William Kentridge defines a new dimension in his latest installation. His “The Refusal of Time,” on view at the Metropolitan Museum of Art in New York until May 11, is a fascinating but conceptually challenging immersive experience.
The South African artist collaborated with Peter L. Galison, a history of science and physics professor at Harvard. Galison discovered that both Albert Einstein and Henri Poincaré, late 19th century mathematician and theoretical physicist, concluded that time is a relative experience rather than a universally fixed phenomenon. Whether we take this claim to be true, Kentridge does his best to convince us of it.
Kentridge is best known for his animated films in which he repeatedly draws, erases and modifies to produce narrative. I expected a two-dimensional display when I turned into the dark closed-off room, leaving behind the bright and loud artwork of the Modern and Contemporary wing.
Instead, I entered what looked like a storage space with broken screens lining all four black walls. Tape and paint spills cover the floor in incomprehensible patterns, and chairs are scattered throughout. The scene converges upon a central wooden machine, pumping and churning with precise, continuous movements but without ostensible purpose.
Suddenly, massive projections of a metronome materialized on all four walls, ticking loudly and with increasing speed, quickly changing from hypnotic to alarming. The projection changes abruptly, maps of Africa popping up and fading away. Clock faces spin out of control, as if to say that time is entirely obliterated — or perhaps irrelevant — in the artist’s nondescript space. In typical Kentridge fashion, drawings appear and erase themselves, only to be redrawn again in slightly different iterations. Here, he represents the human ability to defy time by correcting past mistakes or versions of reality with even the simplest of tasks.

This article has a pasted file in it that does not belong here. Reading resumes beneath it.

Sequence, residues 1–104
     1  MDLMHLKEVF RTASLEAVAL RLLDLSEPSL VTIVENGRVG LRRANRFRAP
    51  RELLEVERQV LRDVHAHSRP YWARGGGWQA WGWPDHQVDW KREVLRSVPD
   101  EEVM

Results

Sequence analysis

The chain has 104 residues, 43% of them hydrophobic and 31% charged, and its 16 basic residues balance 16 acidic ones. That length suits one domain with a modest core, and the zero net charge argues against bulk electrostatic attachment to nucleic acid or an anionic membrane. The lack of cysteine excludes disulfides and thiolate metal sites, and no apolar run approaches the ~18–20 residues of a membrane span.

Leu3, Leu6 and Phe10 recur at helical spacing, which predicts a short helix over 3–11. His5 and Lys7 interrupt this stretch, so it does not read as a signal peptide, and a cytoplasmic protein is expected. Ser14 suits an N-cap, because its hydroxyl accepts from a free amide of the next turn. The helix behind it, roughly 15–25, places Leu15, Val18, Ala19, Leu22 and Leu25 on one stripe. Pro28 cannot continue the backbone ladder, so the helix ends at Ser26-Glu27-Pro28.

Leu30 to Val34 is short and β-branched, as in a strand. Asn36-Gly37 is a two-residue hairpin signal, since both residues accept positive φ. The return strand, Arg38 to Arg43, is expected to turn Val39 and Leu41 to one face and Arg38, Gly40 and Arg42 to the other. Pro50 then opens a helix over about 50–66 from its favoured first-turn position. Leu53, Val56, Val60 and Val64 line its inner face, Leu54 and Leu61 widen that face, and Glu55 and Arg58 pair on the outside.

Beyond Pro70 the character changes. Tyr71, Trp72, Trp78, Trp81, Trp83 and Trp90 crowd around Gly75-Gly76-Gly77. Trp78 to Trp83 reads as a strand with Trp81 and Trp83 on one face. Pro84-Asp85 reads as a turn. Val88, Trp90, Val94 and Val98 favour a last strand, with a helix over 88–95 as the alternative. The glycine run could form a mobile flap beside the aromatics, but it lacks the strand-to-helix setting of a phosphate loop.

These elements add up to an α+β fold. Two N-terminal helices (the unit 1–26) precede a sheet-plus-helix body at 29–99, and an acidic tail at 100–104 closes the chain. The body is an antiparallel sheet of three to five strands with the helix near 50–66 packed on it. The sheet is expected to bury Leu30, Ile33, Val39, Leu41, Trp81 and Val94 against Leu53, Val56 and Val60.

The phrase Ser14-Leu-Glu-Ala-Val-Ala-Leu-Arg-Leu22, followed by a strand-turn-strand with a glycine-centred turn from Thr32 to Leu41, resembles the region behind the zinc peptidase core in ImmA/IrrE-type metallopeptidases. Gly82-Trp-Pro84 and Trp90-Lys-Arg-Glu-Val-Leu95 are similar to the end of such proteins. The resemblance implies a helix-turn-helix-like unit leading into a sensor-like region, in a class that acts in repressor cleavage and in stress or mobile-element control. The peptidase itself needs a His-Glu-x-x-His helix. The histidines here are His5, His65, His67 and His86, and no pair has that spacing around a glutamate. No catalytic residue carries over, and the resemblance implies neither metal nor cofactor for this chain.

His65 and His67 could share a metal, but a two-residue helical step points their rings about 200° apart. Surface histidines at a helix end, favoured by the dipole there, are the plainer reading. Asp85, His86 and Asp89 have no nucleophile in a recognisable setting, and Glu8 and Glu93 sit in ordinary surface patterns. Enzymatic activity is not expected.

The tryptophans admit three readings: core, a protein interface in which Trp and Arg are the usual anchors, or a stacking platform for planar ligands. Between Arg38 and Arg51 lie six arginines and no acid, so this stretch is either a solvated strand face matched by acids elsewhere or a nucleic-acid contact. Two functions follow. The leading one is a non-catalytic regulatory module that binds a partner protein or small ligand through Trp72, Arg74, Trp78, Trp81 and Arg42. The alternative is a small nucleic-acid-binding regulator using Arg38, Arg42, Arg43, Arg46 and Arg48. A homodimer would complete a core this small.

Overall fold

However, Kentridge simultaneously challenges the assumption that everything can be rewritten. He alludes to European colonial attempts to transplant Western culture onto African societies, which possessed strong local identities that could not be erased. African figures dance and stride across all four walls of the installation, weaving their own story.
The lines are blurred between art and observer, as visitors are welcomed to take one of a haphazardly grouped set of chairs in the center of the composition. Each visitor’s experiences differ based on seat location. Each wall bears a different video projection, and the central machine blocks some parts of the narrative from view — what the visitor is able to see depends on where she has chosen to sit. Kentridge appears to be making a statement about industrialization altering the experiential narrative. He simultaneously comments on its role in history as well as on the increasing disconnect that accompanies technological advancements.
Though the experience is immersive, the exhibit is not interactive. Visitors are invited only to view, not to engage. The video depicts no cohesive storyline, and everyone in the room experiences the exhibit differently. Based on the chair arrangement, no two visitors can come away with the same understanding.
When I returned to the brightly lit Metropolitan atrium, I was silent. I had no idea how to comprehend the overwhelming scene I had just left behind. I could not believe that only 30 minutes had passed, as the exhibit’s time warp seemed much longer. For but a moment, I believed what Kentridge strove to argue: that time was only relative.